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Interlinked Dictionary© based on 
Merriam-Webster's Collegiate® Dictionary (m-w.com)
and Star Dictionary
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to bound back; spring back upon impact with something; a recoil; a rebound book
rebound, rebounded, rebounding, rebounds.verbs
intransitive verb use.to spring or bounce back after hitting or colliding with something; to recover, as exhaustion from too much exertion; resound (the sounds were bouncing back from the rocks as we walked and talked in the quiet valley passage); to retrieve and gain possession of a ball as it bounces off the backboard or rim after an unsuccessful shot, as in basketball
transitive verb use.to cause to rebound; a quick recovery from or reaction to disappointment or depression
past tense.and.past participle.of rebind
rebind, rebound, rebinding, rebinds.transitive verbs
to bind again, especially to put a new binding on a book
a book that has been rebound (it was a rebind of an ancient book she gave to the historical society)

a place where anything is collected and stored

a monosaccharide; a part of DNA and RNA
ribosomes are responsible for synthesizing-protein-(they build protein chains) and as such, are any of the RNA rich cytoplasmic granules that are sites of protein synthesis. Ribosomes have two sub units with bridges between them. Every time a ribosome builds a protein chain, a series of precisely synchronized-steps must occur at points within the chromosome, which is an intricate communication system; ribosomes are made of both nucleic acids and proteins. A ribosome is a particle in a cell-(an RNA protein complex) that assembles proteins by organizing (how?)-amino acids into particular sequences determined by the nucleotide sequence of RNA

the process by which radiographs are made
an image produced on a radiosensitive surface, such as a photographic film, by radiation other than visible light, especially by x-rays passed through an object or by photographing a fluoroscopic image
radiograph, radiographed, radiographing, radiographs.transitive verbs
to make a radiograph of
word radiograph is also called skiagraphy, which is a picture or photograph made up of shadows or outline

radiate, radiated, radiating, radiates.verbs
intransitive verb use.to send out rays or waves; to issue or emerge in rays or waves (heat radiated from the stove); to extend in straight lines from or toward a center; diverge or converge like rays: (spokes radiate from a wheel hub)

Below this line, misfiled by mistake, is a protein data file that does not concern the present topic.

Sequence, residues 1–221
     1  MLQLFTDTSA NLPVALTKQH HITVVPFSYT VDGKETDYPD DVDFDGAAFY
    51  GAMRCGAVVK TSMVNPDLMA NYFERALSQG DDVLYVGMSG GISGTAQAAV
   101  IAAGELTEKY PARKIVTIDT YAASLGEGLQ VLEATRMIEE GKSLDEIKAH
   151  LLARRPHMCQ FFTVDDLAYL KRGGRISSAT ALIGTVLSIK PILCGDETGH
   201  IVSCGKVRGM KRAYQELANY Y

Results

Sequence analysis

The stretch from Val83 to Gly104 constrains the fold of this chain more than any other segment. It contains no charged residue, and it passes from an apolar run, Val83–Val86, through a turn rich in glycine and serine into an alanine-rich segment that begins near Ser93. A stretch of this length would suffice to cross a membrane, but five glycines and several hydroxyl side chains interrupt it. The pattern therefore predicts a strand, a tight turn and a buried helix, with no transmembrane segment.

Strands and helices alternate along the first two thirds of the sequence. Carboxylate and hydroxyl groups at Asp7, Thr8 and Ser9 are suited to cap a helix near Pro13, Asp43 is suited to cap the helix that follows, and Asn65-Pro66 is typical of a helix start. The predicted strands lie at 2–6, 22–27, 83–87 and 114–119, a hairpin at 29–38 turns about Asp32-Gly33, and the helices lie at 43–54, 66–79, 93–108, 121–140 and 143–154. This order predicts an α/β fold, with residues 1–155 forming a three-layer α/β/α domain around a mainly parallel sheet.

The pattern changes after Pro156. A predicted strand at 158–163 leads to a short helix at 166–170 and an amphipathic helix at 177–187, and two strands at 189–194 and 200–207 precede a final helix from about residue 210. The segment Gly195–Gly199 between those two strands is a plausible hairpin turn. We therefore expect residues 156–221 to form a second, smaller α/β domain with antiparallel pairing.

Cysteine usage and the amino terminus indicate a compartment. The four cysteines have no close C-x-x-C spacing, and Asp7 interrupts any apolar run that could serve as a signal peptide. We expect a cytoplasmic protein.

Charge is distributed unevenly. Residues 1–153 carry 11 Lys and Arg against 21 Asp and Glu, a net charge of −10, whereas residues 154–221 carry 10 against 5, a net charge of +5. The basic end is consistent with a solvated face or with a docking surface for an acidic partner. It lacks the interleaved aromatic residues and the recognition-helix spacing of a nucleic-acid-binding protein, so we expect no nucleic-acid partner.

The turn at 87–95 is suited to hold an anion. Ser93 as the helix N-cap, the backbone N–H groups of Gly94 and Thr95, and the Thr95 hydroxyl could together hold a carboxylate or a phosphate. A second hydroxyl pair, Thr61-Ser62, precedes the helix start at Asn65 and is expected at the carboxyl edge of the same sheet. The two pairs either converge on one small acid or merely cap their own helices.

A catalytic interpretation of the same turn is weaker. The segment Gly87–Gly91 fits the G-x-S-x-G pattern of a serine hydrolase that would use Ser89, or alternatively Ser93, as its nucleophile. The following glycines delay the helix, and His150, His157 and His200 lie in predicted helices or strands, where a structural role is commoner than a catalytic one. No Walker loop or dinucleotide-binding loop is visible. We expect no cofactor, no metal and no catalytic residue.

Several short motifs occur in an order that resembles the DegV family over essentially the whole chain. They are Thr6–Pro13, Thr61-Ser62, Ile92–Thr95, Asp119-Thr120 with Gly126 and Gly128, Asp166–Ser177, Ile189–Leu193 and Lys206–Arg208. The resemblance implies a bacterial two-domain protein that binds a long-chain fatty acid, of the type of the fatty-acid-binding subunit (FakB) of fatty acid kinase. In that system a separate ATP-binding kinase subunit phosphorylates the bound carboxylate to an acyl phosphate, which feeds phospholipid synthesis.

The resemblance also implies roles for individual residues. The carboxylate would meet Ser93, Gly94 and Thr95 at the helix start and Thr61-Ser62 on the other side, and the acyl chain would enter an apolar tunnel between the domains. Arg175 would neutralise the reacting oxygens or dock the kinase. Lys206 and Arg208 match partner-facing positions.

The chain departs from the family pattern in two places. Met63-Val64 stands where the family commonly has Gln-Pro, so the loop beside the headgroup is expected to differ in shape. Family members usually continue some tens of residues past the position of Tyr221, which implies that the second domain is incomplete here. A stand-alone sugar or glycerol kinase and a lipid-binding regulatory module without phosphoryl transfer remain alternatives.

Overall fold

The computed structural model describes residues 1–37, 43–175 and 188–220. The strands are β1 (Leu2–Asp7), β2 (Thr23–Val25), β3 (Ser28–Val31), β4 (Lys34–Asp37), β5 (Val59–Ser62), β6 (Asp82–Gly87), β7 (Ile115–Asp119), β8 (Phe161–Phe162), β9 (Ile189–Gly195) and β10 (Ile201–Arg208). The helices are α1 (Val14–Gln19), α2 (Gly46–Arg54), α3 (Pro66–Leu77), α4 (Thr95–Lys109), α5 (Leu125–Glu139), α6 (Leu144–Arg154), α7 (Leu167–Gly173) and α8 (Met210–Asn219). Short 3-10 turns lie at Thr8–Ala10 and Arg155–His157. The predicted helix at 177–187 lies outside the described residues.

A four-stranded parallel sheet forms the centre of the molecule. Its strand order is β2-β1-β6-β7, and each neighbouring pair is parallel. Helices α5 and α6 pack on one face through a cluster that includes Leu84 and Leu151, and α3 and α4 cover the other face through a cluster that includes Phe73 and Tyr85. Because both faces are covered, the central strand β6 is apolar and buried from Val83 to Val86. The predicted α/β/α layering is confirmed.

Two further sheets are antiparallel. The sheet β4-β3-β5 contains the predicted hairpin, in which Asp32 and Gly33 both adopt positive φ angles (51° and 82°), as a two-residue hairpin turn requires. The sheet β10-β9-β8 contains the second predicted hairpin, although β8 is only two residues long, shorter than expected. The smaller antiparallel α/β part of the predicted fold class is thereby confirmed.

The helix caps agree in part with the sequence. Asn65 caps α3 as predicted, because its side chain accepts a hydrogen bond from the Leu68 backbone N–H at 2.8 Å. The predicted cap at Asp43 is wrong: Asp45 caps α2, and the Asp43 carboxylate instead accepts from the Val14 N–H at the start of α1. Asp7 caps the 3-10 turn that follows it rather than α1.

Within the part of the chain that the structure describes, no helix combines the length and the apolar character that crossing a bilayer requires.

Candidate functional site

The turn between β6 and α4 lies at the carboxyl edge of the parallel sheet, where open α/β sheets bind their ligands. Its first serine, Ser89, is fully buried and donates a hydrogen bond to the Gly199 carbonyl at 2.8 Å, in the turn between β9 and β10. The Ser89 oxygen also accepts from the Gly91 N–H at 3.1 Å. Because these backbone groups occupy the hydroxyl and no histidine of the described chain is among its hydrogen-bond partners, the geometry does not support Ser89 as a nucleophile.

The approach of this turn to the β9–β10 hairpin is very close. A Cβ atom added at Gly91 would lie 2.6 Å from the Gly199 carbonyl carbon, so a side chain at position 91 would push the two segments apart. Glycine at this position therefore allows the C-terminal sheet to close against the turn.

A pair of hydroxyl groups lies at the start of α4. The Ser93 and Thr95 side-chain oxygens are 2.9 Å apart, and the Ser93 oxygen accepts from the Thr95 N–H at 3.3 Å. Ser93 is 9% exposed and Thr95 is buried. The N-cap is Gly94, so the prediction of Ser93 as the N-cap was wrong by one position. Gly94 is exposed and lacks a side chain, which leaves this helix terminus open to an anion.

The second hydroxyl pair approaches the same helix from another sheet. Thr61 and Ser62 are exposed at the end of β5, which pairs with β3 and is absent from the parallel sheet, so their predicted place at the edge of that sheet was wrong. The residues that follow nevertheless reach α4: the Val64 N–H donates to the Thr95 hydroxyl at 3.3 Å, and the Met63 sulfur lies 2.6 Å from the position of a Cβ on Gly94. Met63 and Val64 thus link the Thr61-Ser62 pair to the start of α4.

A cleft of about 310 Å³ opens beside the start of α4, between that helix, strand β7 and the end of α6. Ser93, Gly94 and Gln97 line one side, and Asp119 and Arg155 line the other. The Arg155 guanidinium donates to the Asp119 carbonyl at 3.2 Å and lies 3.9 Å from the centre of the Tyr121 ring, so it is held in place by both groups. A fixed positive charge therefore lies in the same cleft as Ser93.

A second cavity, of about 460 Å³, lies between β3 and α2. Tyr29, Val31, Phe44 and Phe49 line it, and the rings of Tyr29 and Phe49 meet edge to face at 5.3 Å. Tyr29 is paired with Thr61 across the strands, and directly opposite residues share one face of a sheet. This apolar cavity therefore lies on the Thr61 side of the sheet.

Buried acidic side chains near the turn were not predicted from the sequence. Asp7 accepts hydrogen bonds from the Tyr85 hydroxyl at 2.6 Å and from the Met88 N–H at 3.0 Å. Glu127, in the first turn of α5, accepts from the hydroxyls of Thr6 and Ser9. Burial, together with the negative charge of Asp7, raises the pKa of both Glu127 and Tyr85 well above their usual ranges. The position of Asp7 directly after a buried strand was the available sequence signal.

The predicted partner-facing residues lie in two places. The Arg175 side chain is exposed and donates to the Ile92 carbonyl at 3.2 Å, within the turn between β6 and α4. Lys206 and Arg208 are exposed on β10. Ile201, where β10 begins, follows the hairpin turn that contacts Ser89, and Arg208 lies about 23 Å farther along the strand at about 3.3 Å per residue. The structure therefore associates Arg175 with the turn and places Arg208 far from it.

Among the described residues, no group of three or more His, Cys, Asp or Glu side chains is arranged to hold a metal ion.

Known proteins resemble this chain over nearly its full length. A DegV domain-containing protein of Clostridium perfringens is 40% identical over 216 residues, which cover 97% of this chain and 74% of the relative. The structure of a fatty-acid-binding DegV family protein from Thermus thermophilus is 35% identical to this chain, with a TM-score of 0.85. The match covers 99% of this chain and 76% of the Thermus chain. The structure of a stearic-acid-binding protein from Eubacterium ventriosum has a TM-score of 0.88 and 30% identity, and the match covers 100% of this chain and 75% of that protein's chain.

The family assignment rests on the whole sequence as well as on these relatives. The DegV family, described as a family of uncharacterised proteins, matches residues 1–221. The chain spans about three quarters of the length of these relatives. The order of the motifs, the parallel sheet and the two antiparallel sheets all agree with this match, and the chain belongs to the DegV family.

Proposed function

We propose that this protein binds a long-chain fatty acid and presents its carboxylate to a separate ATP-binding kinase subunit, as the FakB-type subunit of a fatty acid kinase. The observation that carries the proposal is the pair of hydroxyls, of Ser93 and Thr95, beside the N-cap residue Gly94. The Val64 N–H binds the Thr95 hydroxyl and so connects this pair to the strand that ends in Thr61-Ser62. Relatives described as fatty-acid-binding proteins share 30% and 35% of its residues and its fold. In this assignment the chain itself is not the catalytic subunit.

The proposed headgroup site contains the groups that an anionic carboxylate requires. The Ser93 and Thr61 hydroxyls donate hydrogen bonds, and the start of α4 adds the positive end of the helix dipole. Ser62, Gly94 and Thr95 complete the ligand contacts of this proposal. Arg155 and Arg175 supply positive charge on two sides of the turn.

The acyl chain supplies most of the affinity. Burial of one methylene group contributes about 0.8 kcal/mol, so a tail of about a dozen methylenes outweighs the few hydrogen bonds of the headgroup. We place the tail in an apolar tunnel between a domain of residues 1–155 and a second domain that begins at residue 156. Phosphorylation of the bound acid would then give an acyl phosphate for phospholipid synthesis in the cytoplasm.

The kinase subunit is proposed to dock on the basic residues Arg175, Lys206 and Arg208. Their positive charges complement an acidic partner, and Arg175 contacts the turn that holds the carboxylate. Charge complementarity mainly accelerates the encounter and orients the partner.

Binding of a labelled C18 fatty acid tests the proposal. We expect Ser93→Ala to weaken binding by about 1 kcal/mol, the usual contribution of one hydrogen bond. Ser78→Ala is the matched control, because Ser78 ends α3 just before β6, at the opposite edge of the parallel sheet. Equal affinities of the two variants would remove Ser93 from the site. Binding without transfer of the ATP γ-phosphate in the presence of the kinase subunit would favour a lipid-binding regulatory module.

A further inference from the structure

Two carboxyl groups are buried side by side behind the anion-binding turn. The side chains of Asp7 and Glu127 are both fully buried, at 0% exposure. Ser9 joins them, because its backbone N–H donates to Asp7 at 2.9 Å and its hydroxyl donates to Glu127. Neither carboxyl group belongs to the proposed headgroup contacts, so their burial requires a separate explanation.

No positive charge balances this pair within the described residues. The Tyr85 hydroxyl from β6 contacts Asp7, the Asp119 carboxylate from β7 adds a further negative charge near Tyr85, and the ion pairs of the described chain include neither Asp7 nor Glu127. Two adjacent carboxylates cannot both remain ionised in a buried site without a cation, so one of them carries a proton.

transitive verb use.to emit (light, for example) in or as if in rays; to send or spread out from or as if from a center (a cactus that radiates spines); to irradiate or illuminate an object; to manifest in a glowing manner (a girl who radiates her inner beauty) radiate.adjective
in botany, having rays or raylike parts, as in the flower heads of daisies; in biology, characterized by radial symmetry; surrounded with rays (a radiate head on a coin)

a particle (that's what radiates); radiation is the emission of radiant energy.(a flow of any high speed energetic particles caused by spontaneous.disintegration of atomic-nuclei) as alpha and beta-particles or waves, such as electromagnetic radiation; specifically the process in which energy is sent out from heat, light, alpha and beta particles-(radioactivity); examples (energy traveling in the form of electromagnetic waves or photons; a stream of particles, especially alpha or beta particles from a radioactive source such as quarks or neutrons from a nuclear reactor (an atomic pile in which there is usually control of the atomic energy produced, but in the cases of Three Mile Island,  Fukushima and other locations, the disasters appeared be due to poor engineering designs that proved faulty); the Sun used to be thought to be a large hot nuclear reactor, but it's not that, it's much cooler inside than what are called sun spots exploding from it (the strange anomalies of space)
reradiation is an emission following the absorption of incident.radiation; dangerous radiation can affect the human body

spontaneous alteration of the nuclei of radioactive atoms, accompanied by the emission of radiation either directly from unstable.atomic.nuclei or as a consequence of a nuclear reaction; 3 types of radioactive radiation: alpha particles, beta particles, and gamma rays
of or exhibiting radioactivity

a naturally or artificially produced radioactive isotope of an element